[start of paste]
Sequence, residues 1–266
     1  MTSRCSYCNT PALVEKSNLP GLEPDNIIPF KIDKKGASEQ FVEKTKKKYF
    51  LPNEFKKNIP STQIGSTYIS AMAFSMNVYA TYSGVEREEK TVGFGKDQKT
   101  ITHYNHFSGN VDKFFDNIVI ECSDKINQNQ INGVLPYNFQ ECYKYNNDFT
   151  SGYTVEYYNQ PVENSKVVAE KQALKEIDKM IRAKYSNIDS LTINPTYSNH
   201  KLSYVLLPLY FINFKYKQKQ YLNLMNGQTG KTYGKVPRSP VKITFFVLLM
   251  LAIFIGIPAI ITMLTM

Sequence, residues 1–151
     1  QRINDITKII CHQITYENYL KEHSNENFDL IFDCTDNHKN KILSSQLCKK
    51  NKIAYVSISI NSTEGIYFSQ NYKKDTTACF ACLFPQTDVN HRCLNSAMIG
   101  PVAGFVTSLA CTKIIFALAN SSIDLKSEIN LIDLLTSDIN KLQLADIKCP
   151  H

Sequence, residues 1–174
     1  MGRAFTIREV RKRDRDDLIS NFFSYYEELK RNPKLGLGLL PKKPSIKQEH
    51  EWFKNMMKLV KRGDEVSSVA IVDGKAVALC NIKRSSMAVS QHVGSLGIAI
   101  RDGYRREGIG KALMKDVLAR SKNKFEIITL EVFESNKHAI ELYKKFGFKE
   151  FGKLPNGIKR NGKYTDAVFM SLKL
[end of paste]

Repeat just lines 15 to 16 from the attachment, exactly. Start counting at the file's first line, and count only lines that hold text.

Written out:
    51  EWFKNMMKLV KRGDEVSSVA IVDGKAVALC NIKRSSMAVS QHVGSLGIAI
   101  RDGYRREGIG KALMKDVLAR SKNKFEIITL EVFESNKHAI ELYKKFGFKE